### Composition coupling¶

One common task for coupling atoms together is for fitting compositions instead of occupancies. This is especially true for solid-solid interfaces where the total occupancy usually can be considered to be 1.0. Lets assume we have a LaAlO/SrTiO interface and we want to fit the composition of the interface layer. First we define a interface Slab consisting of a mix the two elements.

slato =  model.Slab(c = 1.05)
# 5.a Define the atoms
slato.add_atom('La', 'La', 0.0, 0.0, 0.0, 0.08, 1.0, 1)
slato.add_atom('Sr', 'Sr', 0.0, 0.0, 0.0, 0.08, 1.0, 1)
slato.add_atom('Al', 'Al', 0.5, 0.5, 0.5, 0.08, 1.0, 1)
slato.add_atom('Ti', 'Ti', 0.5, 0.5, 0.5, 0.08, 1.0, 1)
slato.add_atom('O1', 'O', 0.5, 0.5, 0.0, 0.08, 1.0, 1)
slato.add_atom('O2', 'O', 0.5, 0.0, 0.5, 0.08, 1.0, 2)


So for creating a composition pair of the Sr and La we type:

sl = slato['La']|slato['Sr']


The AtomGroup will now have member functions sl.setcomp to set the La composition and sl.setoc to set the occupancy. Note that the occupancy is calculated as: oc_Sr_ = (1 - comp)*oc, oc_La_ = comp*oc. Per default the positions and debye waller parameters are not coupled (In this case they will refer to the La atom). To do this use the exclusive or operator instead

sl = slato['La']^slato['Sr']


, which couples all parameter through sl. The distinction becomes more important if one has more than two atoms and do nesting of the operators (assume we have an Y atom as well):

sl = slato['La']^slato['Sr']
ysl = slato['Y']^sl


will connect all positional and Debye-Waller parameters together but...

sl = slato['La']^slato['Sr']
ysl = slato['Y']|sl


this will couple the positions of La and Sr but not to the Y. These operators offer a large degree of flexibility but they also probably create hard to track error - so they should be used wisely.

## General coupling¶

As you probably understand the concept with AtomGroups cant take you all the way to complete generality. This naturally more complicated but incredibly powerful as _anything_ can be implemented. The class which is used a container class for this is called UserVars. To use it you have to import it by inserting the following text (preferably in the top of the script)

from models.utils import UserVars


Next you create a new object of the class:

cp = UserVars()


You can as many of the objects as possible, a good way to structure your parameters, with as many parameters as possible inside. A new parameter is created by calling the method new_var:

cp.new_var('comp', 0.5)


Now there is a new variable with the name cp.comp and it is initialized to have a default value of 0.5. It can also be accessed by right clicking on the grid and choose it as a fitting parameter. However, now we have to connect the parameter to our sample. Lets assume out model has been extended to include an interdiffused slab between the laouc and stouc.

# 5 Creating an LaAlO3 unit cell - note asymmetric unit cell
laouc =  model.Slab(c = 1.05)
# 5.a Define the atoms
laouc.add_atom('La', 'la', 0.0, 0.0, 0.0, 0.08, 1.0, 1)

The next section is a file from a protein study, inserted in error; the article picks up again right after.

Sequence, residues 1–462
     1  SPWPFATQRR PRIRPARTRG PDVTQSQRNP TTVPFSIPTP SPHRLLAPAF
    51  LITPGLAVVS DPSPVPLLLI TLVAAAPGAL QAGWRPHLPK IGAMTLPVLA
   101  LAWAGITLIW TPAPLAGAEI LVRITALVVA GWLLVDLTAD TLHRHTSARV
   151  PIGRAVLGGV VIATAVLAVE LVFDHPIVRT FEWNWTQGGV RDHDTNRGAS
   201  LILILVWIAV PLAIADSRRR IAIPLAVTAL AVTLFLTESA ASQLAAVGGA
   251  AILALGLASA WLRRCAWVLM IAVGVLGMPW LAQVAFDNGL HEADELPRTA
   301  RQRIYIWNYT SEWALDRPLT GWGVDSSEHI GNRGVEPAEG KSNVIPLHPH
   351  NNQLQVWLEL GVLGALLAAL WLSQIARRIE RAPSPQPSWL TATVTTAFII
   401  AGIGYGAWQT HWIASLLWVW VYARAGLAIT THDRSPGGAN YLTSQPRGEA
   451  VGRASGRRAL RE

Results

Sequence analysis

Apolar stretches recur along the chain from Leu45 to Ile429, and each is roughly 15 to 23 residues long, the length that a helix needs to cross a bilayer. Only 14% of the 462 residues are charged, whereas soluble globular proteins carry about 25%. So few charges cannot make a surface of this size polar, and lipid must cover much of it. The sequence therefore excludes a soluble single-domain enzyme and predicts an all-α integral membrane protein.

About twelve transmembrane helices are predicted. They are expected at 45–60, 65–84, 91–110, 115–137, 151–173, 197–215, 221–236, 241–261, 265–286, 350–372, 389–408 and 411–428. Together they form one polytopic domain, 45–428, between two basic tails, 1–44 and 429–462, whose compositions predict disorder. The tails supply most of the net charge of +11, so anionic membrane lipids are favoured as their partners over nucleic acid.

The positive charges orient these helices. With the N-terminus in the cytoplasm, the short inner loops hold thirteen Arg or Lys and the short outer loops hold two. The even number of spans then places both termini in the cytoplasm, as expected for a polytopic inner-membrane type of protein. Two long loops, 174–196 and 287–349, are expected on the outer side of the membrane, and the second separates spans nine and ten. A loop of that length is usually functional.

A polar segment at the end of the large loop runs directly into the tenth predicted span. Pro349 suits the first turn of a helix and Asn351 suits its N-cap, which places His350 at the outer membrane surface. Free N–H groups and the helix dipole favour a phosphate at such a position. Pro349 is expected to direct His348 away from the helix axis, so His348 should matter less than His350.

laouc.add_atom('Al', 'al', 0.5, 0.5, 0.5, 0.08, 1.0, 1)
laouc.add_atom('O1', 'o', 0.5, 0.5, 0.0, 0.08, 1.0, 1)
laouc.add_atom('O2', 'o', 0.5, 0.0, 0.5, 0.08, 1.0, 2)
# Create an SrTiO3 unit cell
stouc =  model.Slab(c = 1.05)
# 5.a Define the atoms
stouc.add_atom('Sr', 'sr', 0.0, 0.0, 0.0, 0.08, 1.0, 1)
stouc.add_atom('Al', 'al', 0.5, 0.5, 0.5, 0.08, 1.0, 1)
stouc.add_atom('O1', 'o', 0.5, 0.5, 0.0, 0.08, 1.0, 1)
stouc.add_atom('O2', 'o', 0.5, 0.0, 0.5, 0.08, 1.0, 2)
# Create an interface layer
lstouc =  model.Slab(c = 1.05)
# 5.a Define the atoms
lstouc.add_atom('Sr', 'sr', 0.0, 0.0, 0.0, 0.08, 1.0, 1)
lstouc.add_atom('La', 'la', 0.0, 0.0, 0.0, 0.08, 1.0, 1)
lstouc.add_atom('Al', 'al', 0.5, 0.5, 0.5, 0.08, 1.0, 1)
lstouc.add_atom('O1', 'o', 0.5, 0.5, 0.0, 0.08, 1.0, 1)
lstouc.add_atom('O2', 'o', 0.5, 0.0, 0.5, 0.08, 1.0, 2)

# 6 Symmetry operations
p4 = [model.SymTrans([[1, 0],[0, 1]]), model.SymTrans([[-1, 0],[0, -1]]),
model.SymTrans([[0, -1],[1, 0]]), model.SymTrans([[0, 1],[-1, 0]]) ]

# 7 Creating the sample with one unit cell
sample = model.Sample(inst, bulk, [stouc, lstouc, laouc], unitcell)

# Couple the parameter!
# Create the UserVar
cp = UserVars()
cp.new_var('comp', 0.5)


So the explicit coupling has to be done within the Sim function otherwise the coupling will not work when you fit it at a later stage. So the Sim function would change to

# 9 Define the Sim function
def Sim(data):
# Parameter coupling goes before simulation!
lstouc.setSroc(1.0 - cp.comp)
lstouc.setLaoc(cp.comp)
I = []
#9.a loop through the data sets
for data_set in data:
# 9.b create all the h,k,l values for the rod (data_set)
h = data_set.extra_data['h']
k = data_set.extra_data['k']
l = data_set.x
# 9.c. Calculate the struct factor
f = sample.calc_f(h, k, l)
# 9.d Calculate the intensity
i = abs(f)**2
# 9.e Append the calculated intensity to the list I
I.append(i)
return I


As seen above the different occupancies are set with the help of the cp.comp. Note that the parameter coupling is within the Sim function and before we calculate the rods. Also a good code of conduct is never assign a user variable a value from within the Sim function. This can cause a very erratic behavior when fitting (the evaluation depends on its history).

I hope you have understood that with UserVars you can do just about anything. Unfortunately, this will also involve a lot of typing and long scripts. If you want to know more about the general philosophy of the layout with UserVars and the simulation the tutorial about writing models might be good next step Writing a custom model.